It's My Turn
This op-ed piece was submitted by former Rockaway resident, Susan Rexroad, who now lives in Virginia.
A flurry of strategies for helping Iraq pull itself out of chaos and civil war are being considered these days. I too have a proposal, a low cost one; a strategy that helped unite a fledging, stratified and faltering nation. I'm referring to the Federalist Papers and the important role this series of newspaper essays played in transporting a young United States, from a weak, divisive and loosely held nation to one strongly bound together by a public supported Constitution. A Federalist Paper style media campaign produced by moderate Iraqi leaders and scholars with a similar aim of garnering public support through educational information could be one of several important strategies for helping Iraqis turn away from violence. In 18th century America our country hung in the balance. Citizens who fled an oppressive central government in England, did not want to create the same situation here. Initially, a loose form of government was established under the Articles of Confederation. Power was disbursed into state hands leaving the central government weak. The result was turmoil especially in the areas of defense and the economy. The states in pursuing their own rights and interests, were not working to support the union as a whole. Without a strong core, our founders believed the nation would disintegrate. The Constitution was set-up to solve this problem by creating a strong central government. To gain support for the Constitution, several founding fathers wrote and had published over a six-month period 85 essays explaining to the public the need for and benefits to all of establishing a centralized government. Basically, they were selling a new product, the Constitution, to an inexperienced audience, our fore fathers and mothers.
There are many strategies that need to be employed in Iraq. One of them should be an on-going educational media campaign produced by moderate Iraqi leaders explaining their Constitution, the need to support the new government, how this government will work and the benefits for all. In order for Iraqis to reject leaders that are splintering their nation with brutal and fear producing sectarian violence and embrace a unified and representative government, they need to believe their new government merits their support that it will keep them safe. Like all people, Iraq's citizens need to know where they are going in order to feel fully committed to the journey. The Iraqis need to hear so clearly from their own scholars and leaders that they can envision how their government and its constitution will keep them safe, and how they will be beacons of hope and strength for the rest of the Middle East. They not only need to understand how this type of government works and of each citizen's responsibility for the stability and advancement of their nation, they need to feel and believe that they can pull this thing off. Encouraging trusted news outlets, such as Al Jarzeera, to regularly publicize moderate Iraqi leaders clearly explaining these concepts could yield a more supportive and cohesive populace. Moderate leaders and scholars from all factions who can articulate and embolden their citizenry to let go of their fear and support a unified Iraq, need to be heard from.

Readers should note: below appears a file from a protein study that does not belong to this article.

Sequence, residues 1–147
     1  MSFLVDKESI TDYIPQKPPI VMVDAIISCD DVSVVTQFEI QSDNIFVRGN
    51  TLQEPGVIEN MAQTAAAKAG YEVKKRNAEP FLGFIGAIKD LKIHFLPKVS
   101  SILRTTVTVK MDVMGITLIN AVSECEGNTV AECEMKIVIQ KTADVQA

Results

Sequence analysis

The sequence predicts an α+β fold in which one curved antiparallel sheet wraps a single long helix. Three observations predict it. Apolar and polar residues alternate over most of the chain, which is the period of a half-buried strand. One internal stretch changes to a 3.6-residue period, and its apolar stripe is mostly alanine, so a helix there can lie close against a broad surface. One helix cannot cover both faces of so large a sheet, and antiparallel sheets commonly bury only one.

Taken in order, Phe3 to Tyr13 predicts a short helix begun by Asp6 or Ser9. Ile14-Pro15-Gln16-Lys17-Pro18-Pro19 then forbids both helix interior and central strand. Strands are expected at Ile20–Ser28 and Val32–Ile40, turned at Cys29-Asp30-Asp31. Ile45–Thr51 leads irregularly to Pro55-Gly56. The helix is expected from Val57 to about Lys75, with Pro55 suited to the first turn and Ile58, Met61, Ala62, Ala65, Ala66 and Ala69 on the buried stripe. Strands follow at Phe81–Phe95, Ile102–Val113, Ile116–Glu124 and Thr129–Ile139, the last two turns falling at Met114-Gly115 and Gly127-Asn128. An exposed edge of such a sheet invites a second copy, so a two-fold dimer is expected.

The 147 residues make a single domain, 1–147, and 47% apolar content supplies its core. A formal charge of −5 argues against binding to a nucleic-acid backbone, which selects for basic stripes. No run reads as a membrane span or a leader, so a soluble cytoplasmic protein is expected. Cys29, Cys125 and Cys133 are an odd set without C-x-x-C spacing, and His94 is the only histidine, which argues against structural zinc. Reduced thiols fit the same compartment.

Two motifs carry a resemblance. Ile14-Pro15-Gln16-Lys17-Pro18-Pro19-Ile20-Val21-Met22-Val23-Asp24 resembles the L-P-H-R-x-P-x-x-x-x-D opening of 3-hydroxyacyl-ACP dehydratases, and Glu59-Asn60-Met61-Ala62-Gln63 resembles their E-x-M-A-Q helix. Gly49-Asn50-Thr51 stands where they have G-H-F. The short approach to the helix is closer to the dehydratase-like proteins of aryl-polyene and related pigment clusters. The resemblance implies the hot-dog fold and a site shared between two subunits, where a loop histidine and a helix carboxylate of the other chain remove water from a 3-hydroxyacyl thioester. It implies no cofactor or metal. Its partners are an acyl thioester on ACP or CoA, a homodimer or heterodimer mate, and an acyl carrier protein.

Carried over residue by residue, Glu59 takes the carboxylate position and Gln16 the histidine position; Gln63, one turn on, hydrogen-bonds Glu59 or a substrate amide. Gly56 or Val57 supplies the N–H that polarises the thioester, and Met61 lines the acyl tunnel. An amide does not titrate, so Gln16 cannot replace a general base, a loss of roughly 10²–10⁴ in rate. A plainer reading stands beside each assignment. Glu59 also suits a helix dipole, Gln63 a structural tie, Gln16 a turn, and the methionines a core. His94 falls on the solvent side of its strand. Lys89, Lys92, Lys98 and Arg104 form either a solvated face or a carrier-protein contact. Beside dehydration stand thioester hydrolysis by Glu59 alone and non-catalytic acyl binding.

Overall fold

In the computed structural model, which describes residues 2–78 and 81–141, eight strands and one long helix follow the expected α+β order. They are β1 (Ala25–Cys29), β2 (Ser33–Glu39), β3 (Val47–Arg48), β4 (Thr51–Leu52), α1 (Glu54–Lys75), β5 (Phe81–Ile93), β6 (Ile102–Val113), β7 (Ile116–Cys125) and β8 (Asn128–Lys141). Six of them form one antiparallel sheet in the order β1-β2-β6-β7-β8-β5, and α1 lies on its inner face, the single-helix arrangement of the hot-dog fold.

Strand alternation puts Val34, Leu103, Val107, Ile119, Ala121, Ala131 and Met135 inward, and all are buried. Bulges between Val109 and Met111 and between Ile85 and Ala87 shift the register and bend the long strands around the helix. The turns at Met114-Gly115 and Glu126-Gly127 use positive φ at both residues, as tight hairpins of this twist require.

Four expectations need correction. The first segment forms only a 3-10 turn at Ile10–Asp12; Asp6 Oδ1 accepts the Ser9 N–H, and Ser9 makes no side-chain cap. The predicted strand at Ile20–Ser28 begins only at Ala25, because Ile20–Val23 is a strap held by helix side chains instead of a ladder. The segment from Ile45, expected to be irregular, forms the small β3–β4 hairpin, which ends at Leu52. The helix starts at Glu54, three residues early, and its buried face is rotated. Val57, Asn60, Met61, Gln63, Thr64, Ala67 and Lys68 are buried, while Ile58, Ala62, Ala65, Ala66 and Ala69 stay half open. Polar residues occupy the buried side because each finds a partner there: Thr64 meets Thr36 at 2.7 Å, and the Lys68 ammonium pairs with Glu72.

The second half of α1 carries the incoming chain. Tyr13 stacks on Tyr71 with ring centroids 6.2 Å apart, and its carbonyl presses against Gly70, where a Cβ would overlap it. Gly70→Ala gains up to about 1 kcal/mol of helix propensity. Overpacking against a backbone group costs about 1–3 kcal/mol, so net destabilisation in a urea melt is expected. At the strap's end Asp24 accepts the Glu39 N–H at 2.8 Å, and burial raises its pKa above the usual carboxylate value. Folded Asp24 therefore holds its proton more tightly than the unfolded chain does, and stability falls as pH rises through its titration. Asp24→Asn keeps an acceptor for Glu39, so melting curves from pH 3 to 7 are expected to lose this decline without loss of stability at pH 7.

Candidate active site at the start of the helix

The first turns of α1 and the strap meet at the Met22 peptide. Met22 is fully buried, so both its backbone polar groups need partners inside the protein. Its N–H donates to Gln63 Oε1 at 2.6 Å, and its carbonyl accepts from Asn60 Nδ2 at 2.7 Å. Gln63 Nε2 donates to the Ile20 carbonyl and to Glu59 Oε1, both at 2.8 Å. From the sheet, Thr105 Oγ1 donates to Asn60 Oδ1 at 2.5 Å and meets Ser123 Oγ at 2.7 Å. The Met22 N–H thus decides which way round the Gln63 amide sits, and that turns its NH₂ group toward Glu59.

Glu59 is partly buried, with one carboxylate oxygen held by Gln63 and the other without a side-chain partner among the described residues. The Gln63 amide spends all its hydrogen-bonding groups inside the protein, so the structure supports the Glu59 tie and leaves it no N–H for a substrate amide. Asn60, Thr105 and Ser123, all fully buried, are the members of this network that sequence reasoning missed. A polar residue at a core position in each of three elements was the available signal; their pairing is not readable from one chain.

The answer to bringing Iraq out of chaos is in Iraq. We must help the Iraqis to know their own power to protect themselves and move forward together. Knowledge is a potent tool for eradicating fear. Providing and promoting opportunities for Iraqi moderates to articulate to their citizenry the necessity, benefits and the mechanics of an Iraq unified by a representative central government is an important piece for lasting stability for this fracturing nation.